THOUSANDS of summer holiday plans have been plunged into doubt as French air traffic controllers plan yet more strike action.

Workers have been walking out over salary freezes and changes to sick pay, leading to more than 100,000 delayed flights in May and June.

Ryanair boss Michael O’Leary warned that thousands more flights could face disruption during the summer months if the next stage of walkouts go ahead.

O’Leary said: “Many of these flights don’t even touch France, yet they will be disruptive because French ATC requires airlines to cancel overflights while they protect French domestic routes.

“Europe’s ATC providers are approaching the point of meltdown.”

Union representatives from Spain, Portugal, Belgium and Italy are also threatening Ryanair with a summer strike if demanded conditions are not met.

Workers demand parenthood rights, doctor-approved sick days and the elimination of sales objectives.

A spokesperson from airline claim company, Skycop, said representatives have warned that the leading airline has until July 3 to come up with a decision to change employment laws.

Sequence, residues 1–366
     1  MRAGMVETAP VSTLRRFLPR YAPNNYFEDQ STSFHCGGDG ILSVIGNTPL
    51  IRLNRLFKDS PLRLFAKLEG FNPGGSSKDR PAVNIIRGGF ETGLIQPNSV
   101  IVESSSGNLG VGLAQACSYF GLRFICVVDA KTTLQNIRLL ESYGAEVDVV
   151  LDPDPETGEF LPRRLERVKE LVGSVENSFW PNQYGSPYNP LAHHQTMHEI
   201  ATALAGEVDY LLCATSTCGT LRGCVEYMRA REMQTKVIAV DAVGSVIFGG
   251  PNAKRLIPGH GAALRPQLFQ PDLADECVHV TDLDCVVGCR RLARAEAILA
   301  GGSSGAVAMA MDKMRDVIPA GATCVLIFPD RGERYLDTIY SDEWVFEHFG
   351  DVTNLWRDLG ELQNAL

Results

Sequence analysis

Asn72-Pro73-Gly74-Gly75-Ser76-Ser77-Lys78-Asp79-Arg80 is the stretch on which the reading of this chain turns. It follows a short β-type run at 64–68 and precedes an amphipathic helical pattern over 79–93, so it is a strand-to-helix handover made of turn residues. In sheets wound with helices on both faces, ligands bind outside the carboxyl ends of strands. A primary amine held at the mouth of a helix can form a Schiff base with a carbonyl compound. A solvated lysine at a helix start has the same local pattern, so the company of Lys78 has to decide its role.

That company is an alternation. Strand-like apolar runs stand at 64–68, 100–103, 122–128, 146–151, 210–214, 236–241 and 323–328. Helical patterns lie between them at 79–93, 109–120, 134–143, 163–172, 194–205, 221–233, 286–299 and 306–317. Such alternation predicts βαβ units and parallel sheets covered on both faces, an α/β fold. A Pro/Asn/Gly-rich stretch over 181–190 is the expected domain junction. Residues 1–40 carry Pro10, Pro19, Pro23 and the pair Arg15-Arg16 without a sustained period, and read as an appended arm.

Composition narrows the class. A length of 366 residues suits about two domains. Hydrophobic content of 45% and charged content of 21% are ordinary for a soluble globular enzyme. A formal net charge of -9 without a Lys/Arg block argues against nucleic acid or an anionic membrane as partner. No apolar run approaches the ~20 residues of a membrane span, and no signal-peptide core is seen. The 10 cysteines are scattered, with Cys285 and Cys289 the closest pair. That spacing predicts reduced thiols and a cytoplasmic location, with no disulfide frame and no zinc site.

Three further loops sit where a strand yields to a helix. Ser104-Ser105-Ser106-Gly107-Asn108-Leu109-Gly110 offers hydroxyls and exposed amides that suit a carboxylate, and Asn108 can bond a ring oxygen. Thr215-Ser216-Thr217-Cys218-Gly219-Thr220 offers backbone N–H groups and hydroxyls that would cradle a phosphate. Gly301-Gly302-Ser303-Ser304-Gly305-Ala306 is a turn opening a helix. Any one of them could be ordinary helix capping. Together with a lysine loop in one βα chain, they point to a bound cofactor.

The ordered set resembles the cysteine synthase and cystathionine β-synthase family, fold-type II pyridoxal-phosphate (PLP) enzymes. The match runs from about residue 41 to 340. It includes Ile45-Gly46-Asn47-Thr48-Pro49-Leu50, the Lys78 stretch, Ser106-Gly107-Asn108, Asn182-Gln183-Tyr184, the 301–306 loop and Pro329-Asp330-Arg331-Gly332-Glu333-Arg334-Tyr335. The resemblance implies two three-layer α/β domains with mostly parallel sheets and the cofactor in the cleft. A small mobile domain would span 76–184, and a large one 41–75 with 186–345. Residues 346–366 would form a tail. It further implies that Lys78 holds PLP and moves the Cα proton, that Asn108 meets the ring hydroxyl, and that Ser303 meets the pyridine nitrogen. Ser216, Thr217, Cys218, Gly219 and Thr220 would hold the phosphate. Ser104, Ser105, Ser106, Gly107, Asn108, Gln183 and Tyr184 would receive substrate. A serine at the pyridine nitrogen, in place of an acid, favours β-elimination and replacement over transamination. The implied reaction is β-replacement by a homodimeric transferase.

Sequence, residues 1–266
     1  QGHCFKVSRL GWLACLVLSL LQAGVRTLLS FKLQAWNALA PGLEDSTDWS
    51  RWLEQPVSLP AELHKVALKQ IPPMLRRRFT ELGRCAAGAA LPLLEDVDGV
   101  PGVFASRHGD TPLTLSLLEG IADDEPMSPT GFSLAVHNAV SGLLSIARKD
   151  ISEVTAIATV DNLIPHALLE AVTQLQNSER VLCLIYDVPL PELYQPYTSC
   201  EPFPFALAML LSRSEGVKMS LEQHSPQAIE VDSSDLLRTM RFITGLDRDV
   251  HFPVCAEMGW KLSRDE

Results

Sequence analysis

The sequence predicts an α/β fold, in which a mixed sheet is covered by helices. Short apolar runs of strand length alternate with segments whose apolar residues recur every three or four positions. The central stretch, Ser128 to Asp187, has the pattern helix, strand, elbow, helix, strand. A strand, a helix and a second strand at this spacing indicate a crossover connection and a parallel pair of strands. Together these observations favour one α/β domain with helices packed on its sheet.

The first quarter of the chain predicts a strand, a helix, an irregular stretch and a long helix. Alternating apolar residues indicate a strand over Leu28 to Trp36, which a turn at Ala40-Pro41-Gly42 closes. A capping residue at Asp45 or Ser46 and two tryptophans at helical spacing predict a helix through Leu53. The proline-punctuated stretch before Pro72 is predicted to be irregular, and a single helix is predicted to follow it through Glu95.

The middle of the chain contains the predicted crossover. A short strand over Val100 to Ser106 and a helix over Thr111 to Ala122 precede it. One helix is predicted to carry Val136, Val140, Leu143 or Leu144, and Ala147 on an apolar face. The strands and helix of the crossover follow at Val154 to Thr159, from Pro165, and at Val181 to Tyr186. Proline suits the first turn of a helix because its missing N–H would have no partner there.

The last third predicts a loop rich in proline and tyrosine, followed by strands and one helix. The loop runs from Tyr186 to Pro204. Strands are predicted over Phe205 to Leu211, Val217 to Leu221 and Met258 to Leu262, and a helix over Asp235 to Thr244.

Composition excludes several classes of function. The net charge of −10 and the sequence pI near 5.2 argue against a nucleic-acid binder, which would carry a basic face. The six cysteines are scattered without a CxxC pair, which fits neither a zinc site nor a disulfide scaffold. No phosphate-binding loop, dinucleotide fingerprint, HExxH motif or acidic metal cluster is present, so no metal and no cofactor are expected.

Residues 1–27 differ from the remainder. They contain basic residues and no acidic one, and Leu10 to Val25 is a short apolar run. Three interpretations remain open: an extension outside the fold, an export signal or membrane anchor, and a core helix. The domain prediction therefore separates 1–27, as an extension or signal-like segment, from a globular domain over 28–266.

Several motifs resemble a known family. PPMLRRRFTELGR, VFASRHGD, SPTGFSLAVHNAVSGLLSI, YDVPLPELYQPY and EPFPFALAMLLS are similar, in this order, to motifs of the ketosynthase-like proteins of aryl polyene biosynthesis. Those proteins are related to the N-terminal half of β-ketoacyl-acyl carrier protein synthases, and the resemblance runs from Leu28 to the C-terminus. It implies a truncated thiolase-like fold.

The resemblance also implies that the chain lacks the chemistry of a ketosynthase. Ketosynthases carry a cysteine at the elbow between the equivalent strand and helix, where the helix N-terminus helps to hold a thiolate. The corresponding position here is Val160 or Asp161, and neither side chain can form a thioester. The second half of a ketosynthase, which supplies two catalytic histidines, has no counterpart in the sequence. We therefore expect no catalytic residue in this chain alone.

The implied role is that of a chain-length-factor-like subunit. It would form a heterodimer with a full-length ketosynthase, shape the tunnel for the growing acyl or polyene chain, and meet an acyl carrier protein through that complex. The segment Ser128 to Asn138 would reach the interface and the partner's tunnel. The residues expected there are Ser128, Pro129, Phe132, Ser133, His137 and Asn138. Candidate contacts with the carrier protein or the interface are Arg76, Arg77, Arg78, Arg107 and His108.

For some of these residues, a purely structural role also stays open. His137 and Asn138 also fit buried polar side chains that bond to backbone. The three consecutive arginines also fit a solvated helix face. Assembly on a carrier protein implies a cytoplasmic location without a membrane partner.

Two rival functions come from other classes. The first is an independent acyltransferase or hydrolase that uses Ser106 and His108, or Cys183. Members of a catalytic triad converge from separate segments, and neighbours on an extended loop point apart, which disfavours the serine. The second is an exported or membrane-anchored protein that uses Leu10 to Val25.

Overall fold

The spokesperson said in a statement: “Cabin crews across Europe urge Ryanair to adopt national employment laws for all workers, but the carrier wants them to comply with Irish regulations.

“Based on international laws, Ryanair has no right to put all of their staff under Irish jurisdiction.”

Ryanair has now warned the EU to ‘take action’ over the upcoming French air traffic control strikes.

Eurocontrol director general, Eamonn Brennan, said: “Europe is already struggling to cope with the levels of traffic this year.”

A target delay, set out by the EU, is 0.5 minutes per flight. The forecast for 2018 is now heading towards 1.5 minutes per flight.

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